Diabetes: Progress and Problems

Diabetes increased as screening and diagnosis improved

(RxWiki News) There's good news and bad news about diabetes in the United States, according to a new study.

The good news is that improved screening and diagnosis appears to have reduced the number of missed cases of diabetes. The bad news is that the number of diabetes cases has continued to increase in recent decades.

These researchers pointed out that diabetes is a manageable condition when it is diagnosed and treated. But when it's left untreated, it can lead to life-threatening complications, such as heart and kidney disease.

The study authors noted that catching more cases and identifying the groups of people who are most likely to have undiagnosed diabetes is likely to improve public health.

"Understanding the proportion of diabetes cases that are actually undiagnosed, and who those patient groups are, is really critical to allocation of public health resources," said lead study author Dr. Elizabeth Selvin, of the Johns Hopkins University Bloomberg School of Public Health, in a press release. "Our results suggest that targeted screening in these populations and increasing health coverage could help make sure that persons who have diabetes receive a diagnosis and get the appropriate treatment that they need."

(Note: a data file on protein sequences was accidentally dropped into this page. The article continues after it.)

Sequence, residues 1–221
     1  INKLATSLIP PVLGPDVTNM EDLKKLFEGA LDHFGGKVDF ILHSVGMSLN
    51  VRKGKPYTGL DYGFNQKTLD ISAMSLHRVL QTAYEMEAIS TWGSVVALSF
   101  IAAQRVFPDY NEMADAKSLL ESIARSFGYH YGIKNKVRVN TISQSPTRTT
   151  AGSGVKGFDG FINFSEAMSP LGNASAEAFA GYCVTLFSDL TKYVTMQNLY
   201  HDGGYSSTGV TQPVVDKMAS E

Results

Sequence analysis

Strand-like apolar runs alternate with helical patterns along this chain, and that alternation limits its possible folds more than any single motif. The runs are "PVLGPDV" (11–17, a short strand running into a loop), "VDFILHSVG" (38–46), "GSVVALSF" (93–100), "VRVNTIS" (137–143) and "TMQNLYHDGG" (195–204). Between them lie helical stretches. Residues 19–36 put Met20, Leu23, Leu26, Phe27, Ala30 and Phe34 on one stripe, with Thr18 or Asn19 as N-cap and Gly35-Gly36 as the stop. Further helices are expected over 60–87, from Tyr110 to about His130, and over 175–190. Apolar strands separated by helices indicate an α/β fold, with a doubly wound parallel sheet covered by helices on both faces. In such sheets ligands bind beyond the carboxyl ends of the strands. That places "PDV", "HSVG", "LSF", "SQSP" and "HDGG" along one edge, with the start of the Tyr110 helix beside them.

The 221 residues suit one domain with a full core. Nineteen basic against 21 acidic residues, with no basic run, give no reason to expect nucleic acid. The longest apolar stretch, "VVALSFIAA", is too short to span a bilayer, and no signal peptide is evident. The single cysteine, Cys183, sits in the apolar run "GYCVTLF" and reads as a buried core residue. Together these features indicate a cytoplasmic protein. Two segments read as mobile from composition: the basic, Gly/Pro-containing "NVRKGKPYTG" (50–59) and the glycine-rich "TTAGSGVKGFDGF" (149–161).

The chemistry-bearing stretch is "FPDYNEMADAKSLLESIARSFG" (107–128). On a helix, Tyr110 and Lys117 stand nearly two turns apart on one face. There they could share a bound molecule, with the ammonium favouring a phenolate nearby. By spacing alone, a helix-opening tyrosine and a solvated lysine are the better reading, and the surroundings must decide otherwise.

Over the 26-year study period, the number of diabetes cases among the more than 24,000 study participants increased from 5.5 to 10.8 percent. During that time, these researchers found that the number of missed cases of diabetes dropped from 16.3 to 10.9 percent.

If you are concerned about your diabetes risk, speak with your health care provider.

This study was published in the Annals of Internal Medicine.

The National Institute of Diabetes and Digestive and Kidney Diseases and the National Heart, Lung, and Blood Institute funded this research. Information on potential conflicts of interest was not available at the time of publication.

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Review Date: 
October 24, 2017